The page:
RCMP dog lauded in harrowing snowbound rescue in Labrador

·2 min read
RCMP Newfoundland and Labrador
RCMP Newfoundland and Labrador

Hudson and Rex aren't the only heroic cop and canine duo in Newfoundland and Labrador.

After an individual suffering a mental health crisis became lost and stranded in the snow last week, Jerry — an RCMP dog stationed in Happy Valley-Goose Bay — came to the rescue.

Cpl. Jason Muzzerall, an RCMP dog handler, responded to the call for assistance with Jerry after the detachment notified him of a situation where an individual suffering from a mental health crisis had run into the woods.

The officers had lost track of the missing man, but Jerry found his trail.

"He locked onto the scent and the track, and we managed to track [the individual] down the Ski-Doo trail," Muzzerall said in an interview with CBC Radio's Labrador Morning.

While it was easy for Jerry to follow the track, said Muzzerall, it was more difficult for him to follow Jerry.

"We're crawling basically on my elbows on my belly to try to keep myself moving forward, and keep Jerry moving forward until we ended up finding the individual."

RCMP Newfoundland and Labrador
RCMP Newfoundland and Labrador

The man had run off the trail and through a dense bramble of woods before falling into a deep pocket of snow. Jerry and Cpl. Muzzerall were able to locate him nearly 300 metres from the trail, buried in the snow and unresponsive.

"Given the amount of time that we estimated that they had been out there," said Muzzerall, "we were very concerned for this individual's health and wellbeing, as he was not responding to anything at the time."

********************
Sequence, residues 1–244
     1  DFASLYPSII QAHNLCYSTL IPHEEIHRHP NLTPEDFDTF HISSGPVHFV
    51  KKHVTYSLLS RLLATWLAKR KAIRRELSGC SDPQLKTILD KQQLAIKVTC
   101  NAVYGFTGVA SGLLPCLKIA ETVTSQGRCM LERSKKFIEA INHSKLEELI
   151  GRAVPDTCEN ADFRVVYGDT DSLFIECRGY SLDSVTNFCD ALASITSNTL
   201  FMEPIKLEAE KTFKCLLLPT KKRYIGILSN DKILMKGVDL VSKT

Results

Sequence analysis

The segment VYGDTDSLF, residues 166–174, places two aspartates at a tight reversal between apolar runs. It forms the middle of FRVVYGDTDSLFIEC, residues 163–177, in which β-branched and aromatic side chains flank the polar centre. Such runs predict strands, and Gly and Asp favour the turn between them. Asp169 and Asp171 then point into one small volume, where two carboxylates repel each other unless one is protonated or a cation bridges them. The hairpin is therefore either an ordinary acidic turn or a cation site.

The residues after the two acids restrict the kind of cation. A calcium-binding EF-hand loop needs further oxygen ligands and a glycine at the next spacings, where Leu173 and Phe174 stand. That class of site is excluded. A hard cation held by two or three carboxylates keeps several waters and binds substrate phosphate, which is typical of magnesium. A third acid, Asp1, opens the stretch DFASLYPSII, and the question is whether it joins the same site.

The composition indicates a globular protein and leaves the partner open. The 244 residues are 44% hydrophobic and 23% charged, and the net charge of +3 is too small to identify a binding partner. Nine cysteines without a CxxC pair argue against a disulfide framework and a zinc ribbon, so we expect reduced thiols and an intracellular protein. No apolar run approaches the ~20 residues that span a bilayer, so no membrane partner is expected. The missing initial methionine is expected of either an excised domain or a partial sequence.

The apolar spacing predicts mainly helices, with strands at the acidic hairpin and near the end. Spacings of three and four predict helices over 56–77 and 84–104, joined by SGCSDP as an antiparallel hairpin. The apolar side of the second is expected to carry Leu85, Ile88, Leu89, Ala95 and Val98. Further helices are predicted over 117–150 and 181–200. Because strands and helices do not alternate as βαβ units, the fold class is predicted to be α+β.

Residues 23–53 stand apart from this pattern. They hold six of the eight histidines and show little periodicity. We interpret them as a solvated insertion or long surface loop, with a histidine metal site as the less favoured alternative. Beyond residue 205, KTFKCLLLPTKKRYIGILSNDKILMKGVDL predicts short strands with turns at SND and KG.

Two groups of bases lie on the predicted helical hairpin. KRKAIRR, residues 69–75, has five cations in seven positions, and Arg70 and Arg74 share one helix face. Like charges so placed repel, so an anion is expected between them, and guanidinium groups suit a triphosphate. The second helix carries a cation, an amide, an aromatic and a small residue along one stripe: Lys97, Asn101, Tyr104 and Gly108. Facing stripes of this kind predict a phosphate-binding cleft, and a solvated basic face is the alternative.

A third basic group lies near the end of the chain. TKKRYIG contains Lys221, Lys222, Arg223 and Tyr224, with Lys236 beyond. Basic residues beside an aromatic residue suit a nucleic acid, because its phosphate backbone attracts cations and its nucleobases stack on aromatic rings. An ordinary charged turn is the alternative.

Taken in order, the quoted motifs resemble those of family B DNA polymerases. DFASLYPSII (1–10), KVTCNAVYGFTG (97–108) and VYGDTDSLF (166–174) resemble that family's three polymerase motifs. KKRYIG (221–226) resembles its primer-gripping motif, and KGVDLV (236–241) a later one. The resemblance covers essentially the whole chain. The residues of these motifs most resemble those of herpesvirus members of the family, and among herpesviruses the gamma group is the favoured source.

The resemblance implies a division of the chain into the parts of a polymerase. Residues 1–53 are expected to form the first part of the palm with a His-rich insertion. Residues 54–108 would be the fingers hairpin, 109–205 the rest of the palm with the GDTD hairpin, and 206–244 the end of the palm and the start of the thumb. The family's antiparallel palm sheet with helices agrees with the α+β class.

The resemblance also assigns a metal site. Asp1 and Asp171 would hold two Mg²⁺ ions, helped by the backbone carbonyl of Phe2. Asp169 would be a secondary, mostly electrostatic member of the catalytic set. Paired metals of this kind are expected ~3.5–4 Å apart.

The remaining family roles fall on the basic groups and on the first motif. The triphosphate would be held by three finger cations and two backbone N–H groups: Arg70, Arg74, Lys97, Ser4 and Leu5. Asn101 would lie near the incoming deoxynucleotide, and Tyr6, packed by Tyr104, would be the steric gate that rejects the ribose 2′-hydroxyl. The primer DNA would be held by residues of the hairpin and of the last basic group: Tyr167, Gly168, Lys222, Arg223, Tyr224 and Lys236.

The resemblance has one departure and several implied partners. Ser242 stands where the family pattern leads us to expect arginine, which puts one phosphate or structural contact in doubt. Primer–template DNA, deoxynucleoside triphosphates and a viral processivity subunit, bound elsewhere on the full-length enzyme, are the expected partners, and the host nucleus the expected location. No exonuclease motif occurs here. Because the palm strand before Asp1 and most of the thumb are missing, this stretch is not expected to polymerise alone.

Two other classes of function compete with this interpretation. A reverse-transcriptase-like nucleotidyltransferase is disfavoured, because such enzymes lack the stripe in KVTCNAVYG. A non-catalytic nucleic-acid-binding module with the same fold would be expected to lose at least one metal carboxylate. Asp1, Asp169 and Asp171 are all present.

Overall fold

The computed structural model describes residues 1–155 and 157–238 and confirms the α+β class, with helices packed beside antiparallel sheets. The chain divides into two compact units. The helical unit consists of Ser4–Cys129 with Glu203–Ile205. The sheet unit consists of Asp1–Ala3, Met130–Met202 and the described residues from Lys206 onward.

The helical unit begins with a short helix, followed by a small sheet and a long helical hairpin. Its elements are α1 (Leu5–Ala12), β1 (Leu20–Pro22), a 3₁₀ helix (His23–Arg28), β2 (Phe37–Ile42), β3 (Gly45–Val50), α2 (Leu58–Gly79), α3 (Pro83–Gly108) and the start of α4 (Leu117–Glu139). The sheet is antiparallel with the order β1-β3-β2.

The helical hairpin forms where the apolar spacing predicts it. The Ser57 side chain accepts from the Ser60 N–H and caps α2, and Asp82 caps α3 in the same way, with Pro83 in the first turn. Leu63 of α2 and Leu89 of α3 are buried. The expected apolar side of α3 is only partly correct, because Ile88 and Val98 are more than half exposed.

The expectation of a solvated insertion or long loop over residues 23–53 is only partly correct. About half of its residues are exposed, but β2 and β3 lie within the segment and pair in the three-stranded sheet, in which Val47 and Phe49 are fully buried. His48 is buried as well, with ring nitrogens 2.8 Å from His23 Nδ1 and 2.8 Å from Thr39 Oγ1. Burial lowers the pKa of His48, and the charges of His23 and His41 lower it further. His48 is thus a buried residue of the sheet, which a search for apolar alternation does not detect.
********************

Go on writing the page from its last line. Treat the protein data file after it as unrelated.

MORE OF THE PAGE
Police dog able to track individual where officers couldn't

Muzzerall said it took about 25 minutes to find the man, but it took him and his team another 45 minutes to get the individual up out of the snow after falling into what appeared to be a hole.

"Other members came in and assisted and we managed to get the individual up onto a toboggan, and then we had to drag the toboggan out to a road to a waiting ambulance," said Muzzerall.

Had the individual been out there for much longer, Muzzerall said they would have been responding to a very different situation. But thanks to their canine team member, there was a good outcome.

"Fortunately, we have Jerry here, we have him at our disposal, and we were able to deploy him and find this individual before we were in that circumstance," said Muzzerall.

"And we got this person out of the situation that they're in, we managed to get them to hospital, and got them the help that they needed."

Read more from CBC Newfoundland and Labrador